Chip,
    Since you didn't quote this part (above), I assume you missed it. This is the path to get Spin2 walking and running. This is the path that makes the most sense.

  • Roy Eltham wrote: »
    Roy Eltham wrote: »
    Chip, what you should be doing is working on making the compiler a stand alone command line tool. Make it work without any of the editor/downloader/etc. crap. just make it take source files and include paths and compile the code to a binary.
    Then make a downloader tool (again command line) that will take a binary and send it to an attached P2. If you make those two things, then they can be used with literally any of hundreds of existing editors/IDEs.

    Chip,
    Since you didn't quote this part (above), I assume you missed it. This is the path to get Spin2 walking and running. This is the path that makes the most sense.

    Yes, okay. I've been asked about this before. It's doable, of course. Just need to do it once things are running.
  • jmgjmg Posts: 14,141
    cgracey wrote: »
    Roy Eltham wrote: »
    Roy Eltham wrote: »
    Chip, what you should be doing is working on making the compiler a stand alone command line tool. Make it work without any of the editor/downloader/etc. crap. just make it take source files and include paths and compile the code to a binary.
    Then make a downloader tool (again command line) that will take a binary and send it to an attached P2. If you make those two things, then they can be used with literally any of hundreds of existing editors/IDEs.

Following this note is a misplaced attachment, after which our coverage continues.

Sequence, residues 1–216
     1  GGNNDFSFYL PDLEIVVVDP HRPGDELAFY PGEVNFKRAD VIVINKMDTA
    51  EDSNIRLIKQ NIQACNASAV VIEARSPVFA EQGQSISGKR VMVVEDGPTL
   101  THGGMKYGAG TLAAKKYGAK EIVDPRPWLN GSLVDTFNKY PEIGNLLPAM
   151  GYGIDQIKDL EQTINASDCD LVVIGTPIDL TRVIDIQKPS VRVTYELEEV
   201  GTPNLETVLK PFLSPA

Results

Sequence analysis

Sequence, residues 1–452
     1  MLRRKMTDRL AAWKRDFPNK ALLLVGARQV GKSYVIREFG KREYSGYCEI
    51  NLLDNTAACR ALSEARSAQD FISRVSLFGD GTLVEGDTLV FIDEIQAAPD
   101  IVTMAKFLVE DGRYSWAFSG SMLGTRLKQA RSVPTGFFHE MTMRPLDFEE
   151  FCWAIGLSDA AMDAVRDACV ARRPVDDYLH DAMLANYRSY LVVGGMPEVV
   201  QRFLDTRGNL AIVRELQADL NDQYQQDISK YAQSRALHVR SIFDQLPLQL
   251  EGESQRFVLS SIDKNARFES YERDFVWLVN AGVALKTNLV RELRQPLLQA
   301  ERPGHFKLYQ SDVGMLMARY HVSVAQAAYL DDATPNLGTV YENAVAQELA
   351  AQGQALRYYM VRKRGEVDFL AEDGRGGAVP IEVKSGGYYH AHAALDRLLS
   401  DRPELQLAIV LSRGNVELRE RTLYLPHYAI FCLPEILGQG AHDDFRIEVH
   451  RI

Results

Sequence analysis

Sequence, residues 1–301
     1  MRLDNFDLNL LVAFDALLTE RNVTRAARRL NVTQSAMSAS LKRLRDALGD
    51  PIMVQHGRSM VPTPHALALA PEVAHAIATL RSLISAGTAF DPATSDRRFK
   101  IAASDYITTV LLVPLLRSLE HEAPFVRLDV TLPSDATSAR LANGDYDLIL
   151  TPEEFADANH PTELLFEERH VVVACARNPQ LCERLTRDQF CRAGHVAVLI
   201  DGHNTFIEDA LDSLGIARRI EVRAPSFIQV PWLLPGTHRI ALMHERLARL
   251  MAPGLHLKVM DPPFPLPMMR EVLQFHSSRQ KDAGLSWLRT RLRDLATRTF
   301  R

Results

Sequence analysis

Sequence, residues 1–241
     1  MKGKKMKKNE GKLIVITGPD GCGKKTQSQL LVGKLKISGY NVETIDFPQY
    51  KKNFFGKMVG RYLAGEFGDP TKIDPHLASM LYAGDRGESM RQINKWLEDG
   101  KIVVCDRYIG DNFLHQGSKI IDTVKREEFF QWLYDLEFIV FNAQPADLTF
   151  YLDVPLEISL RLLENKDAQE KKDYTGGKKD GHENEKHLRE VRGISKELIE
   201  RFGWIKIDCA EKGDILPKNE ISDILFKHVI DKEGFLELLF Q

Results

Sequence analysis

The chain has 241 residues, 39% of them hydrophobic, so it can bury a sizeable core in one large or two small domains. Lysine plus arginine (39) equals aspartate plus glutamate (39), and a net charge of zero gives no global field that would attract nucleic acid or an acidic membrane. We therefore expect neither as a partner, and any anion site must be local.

Chip,
    Since you didn't quote this part (above), I assume you missed it. This is the path to get Spin2 walking and running. This is the path that makes the most sense.

    Yes, okay. I've been asked about this before. It's doable, of course. Just need to do it once things are running.

    Do the Spin 2 compiler and the separate downloader, not already have command line versions ?
  • jmg wrote: »
    If the propeller tool is going to be revisited in code, might there be time to investigate the long standing bug that prevents large programs from being uploaded to a propeller over anything other than a FutureTech FT23x chip?

    I am willing to supply Parallax with a prop-plug based on the CH340 UART for testing.

    What does 'large' mean here ?
    Do you have more details on what fails, and how it fails ?
    Using USB-UARTs, I've only seen one issue with download size, and that is in EXAR drivers themselves, with a single file send of > 500kBytes.
    There are of course issues with download speed, and half duplex vs full duplex vs echo.. but usually you have to be well over 1MBd to hit those.